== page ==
Couch added that his best book on the subject of SEAL training is the aforementioned “The Warrior Elite: The Forging of SEAL Class 228.” He considers his best volume regarding SEAL operations to be “The Sheriff of Ramadi: Navy SEALs and the Winning of al-Anbar,” published in 2008. Coming later in 2012 is “Sua Sponte: Forging of the Modern American Ranger.” Couch said, “I am happy with the book and proud to be associated with the Rangers. They are the most heavily engaged organization of any of the special operations components. Those guys are out there all the time. Rangers don’t patrol, train or do counter-insurgency. They either capture or kill bad guys. That’s what they do for a living.”
Couch holds a special place in the Special Operations Community. “Writing a nonfiction book is like writing a 120,000 word term paper. I’ve been really blessed. Writing the SEAL books was one thing. But the Green Berets said ‘come on in’ and it was the same thing with the Rangers. Nobody else has done that. No other writer has come in, lived on the base and followed them around. Nobody else has been in a position to write that book. It’s my niche and I respect that trust. Sometimes they ask me to take things out, but that happens very seldom.”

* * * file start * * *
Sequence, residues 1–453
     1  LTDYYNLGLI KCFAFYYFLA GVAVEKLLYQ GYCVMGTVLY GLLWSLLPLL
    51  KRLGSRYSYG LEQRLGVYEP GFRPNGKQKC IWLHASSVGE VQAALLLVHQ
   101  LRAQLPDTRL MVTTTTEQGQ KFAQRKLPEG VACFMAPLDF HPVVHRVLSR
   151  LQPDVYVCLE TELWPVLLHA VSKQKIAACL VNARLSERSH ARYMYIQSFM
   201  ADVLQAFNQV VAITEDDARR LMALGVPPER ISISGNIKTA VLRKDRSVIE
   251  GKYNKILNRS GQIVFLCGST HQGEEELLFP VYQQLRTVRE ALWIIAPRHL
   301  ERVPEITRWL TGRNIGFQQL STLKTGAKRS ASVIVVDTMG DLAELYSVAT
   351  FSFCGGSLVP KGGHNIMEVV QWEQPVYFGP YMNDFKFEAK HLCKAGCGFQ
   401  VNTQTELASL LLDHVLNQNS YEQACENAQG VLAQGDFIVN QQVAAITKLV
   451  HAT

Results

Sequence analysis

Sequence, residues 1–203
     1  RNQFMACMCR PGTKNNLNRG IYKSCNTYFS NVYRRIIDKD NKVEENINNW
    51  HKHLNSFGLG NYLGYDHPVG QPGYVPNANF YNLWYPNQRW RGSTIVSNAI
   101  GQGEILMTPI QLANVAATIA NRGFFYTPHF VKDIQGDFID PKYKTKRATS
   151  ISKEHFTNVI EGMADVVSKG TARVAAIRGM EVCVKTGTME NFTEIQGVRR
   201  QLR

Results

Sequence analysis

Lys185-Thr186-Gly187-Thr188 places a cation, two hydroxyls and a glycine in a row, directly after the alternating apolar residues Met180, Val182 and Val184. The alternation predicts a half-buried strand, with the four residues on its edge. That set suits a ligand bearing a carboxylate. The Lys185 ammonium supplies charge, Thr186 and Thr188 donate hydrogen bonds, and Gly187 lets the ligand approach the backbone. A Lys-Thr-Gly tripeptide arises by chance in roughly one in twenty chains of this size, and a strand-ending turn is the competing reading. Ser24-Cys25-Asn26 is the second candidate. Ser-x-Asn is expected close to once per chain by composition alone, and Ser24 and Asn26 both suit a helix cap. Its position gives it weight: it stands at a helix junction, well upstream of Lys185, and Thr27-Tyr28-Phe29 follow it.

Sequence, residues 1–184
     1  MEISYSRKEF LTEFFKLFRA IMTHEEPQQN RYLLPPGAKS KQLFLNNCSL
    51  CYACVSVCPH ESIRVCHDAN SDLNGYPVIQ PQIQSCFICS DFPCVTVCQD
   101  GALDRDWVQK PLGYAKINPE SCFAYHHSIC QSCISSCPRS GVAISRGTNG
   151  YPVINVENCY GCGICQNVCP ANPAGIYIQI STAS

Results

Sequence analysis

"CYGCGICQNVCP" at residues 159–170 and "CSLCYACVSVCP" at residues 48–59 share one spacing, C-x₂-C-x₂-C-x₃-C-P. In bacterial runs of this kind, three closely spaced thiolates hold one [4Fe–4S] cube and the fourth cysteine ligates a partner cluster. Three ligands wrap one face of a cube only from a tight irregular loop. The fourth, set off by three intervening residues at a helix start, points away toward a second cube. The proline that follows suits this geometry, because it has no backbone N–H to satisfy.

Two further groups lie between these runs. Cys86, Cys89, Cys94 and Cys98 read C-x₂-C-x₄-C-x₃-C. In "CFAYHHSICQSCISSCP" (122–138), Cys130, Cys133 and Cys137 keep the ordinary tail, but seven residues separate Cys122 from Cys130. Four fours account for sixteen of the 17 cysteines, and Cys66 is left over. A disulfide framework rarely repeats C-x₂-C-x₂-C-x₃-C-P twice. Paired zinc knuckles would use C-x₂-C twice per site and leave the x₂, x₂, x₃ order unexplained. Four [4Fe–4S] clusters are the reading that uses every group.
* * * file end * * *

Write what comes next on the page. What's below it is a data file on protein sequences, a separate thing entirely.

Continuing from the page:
Galdorisi considers Couch, “A friend and mentor writing-wise.” April 2011, Couch, Galdorisi and Bandito Brother Mike McCoy went to lunch together. “Mike started talking about the “Act of Valor” project,” recounted Galdorisi. “We went to a screening in a little eight seat theater on La Cienega Boulevard. The film was pretty much in the can and was about 85 or 90 percent complete. It was the most riveting 100 minutes of film I have ever seen in my life.”
During the conversation with McCoy in April, Galdorisi and Couch inquired about the novelization of the movie. Galdorisi quoted McCoy as saying, “The project is moving so fast, we haven’t thought about that.” Shortly thereafter, John Silbersack, the agent who represents Couch and Galdorisi, began negotiations with the Bandito Brothers on the book rights.